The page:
The Economist doubles down on malaria progress and challenges

In two October 10 articles, The Economist explored the potential for global malaria eradication in our lifetimes. Citing the fall of malaria deaths by nearly a half since 2000 (from 850,000 deaths per year to currently about 450,000), Eradicating disease focused on three big improvements in the last several decades which argue for the feasibility of pursuing eradication of malaria and a handful of other parasitic and viral diseases. These improvements include more connected communications (through the use of mobile phones and the internet and more comprehensive road networks); better medical technology (with reference to the promise of genetic engineering and the present day value of artemisinin for drug resistance in malaria); and strong political attention to transmissible diseases (largely wrought through the global fight against AIDS).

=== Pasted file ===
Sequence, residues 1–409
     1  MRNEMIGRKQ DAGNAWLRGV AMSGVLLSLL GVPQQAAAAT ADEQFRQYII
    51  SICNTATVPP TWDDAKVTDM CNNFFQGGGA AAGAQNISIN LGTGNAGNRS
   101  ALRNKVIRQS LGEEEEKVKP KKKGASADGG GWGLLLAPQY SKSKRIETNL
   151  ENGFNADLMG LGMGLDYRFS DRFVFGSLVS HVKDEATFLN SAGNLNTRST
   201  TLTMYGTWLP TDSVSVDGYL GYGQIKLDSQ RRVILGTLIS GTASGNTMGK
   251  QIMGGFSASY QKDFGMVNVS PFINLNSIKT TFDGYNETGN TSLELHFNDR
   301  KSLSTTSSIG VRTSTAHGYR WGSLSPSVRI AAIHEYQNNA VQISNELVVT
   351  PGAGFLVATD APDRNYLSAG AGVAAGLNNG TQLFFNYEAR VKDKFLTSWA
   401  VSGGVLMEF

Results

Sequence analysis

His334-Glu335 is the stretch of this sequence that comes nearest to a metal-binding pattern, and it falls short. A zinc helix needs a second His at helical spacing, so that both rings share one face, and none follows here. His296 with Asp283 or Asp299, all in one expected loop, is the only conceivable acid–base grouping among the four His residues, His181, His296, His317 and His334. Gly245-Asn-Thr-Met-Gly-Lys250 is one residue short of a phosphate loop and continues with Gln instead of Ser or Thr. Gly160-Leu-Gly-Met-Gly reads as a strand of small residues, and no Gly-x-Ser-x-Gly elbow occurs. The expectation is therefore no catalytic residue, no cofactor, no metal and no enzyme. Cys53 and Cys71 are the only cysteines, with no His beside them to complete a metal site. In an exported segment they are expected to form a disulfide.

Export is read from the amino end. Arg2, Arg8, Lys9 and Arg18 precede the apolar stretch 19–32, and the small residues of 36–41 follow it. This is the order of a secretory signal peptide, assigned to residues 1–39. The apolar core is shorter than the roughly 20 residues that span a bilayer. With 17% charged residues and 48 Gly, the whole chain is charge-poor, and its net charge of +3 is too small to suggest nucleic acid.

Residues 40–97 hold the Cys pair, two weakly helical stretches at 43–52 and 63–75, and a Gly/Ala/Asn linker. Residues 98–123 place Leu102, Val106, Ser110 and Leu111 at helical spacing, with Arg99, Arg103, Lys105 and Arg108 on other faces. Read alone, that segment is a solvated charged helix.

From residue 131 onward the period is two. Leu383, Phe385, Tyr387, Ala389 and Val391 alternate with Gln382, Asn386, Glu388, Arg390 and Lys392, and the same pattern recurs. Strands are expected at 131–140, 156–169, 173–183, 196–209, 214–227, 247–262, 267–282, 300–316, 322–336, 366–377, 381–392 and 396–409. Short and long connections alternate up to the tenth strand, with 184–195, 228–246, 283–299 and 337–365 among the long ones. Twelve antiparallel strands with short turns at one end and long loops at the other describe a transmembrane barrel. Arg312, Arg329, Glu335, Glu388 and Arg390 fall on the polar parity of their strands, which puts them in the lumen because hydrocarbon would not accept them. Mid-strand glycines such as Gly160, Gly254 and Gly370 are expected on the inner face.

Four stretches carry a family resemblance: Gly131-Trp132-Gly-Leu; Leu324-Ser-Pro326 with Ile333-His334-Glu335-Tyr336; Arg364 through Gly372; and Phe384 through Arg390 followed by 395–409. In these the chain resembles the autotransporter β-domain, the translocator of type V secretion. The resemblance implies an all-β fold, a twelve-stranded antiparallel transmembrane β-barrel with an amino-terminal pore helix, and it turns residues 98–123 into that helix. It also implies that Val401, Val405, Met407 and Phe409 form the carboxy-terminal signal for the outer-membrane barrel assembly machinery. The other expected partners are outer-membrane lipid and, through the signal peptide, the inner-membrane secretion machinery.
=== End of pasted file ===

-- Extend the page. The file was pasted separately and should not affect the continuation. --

In Breaking the fever, Swaziland was featured as the first sub-Saharan African country that is close to becoming malaria-free. Such stories of substantial progress support the WHO's Global Technical Strategy milestone of a 90% decrease in malaria cases and deaths by 2030. Of course, significant and emerging challenges remain – particularly around funding for malaria which must triple to $8.7 billion annually by 2030. Increased financing is required to support new applications of existing treatments, novel treatments, and better diagnosis and surveillance. Providing a real world example of possibilities for improved surveillance, the article described the UCSF Global Health Group Malaria Elimination Initiative's collaborative work with Google Earth Engine in developing a risk mapping tool to predict specific geographic areas that should be targeted for malaria interventions.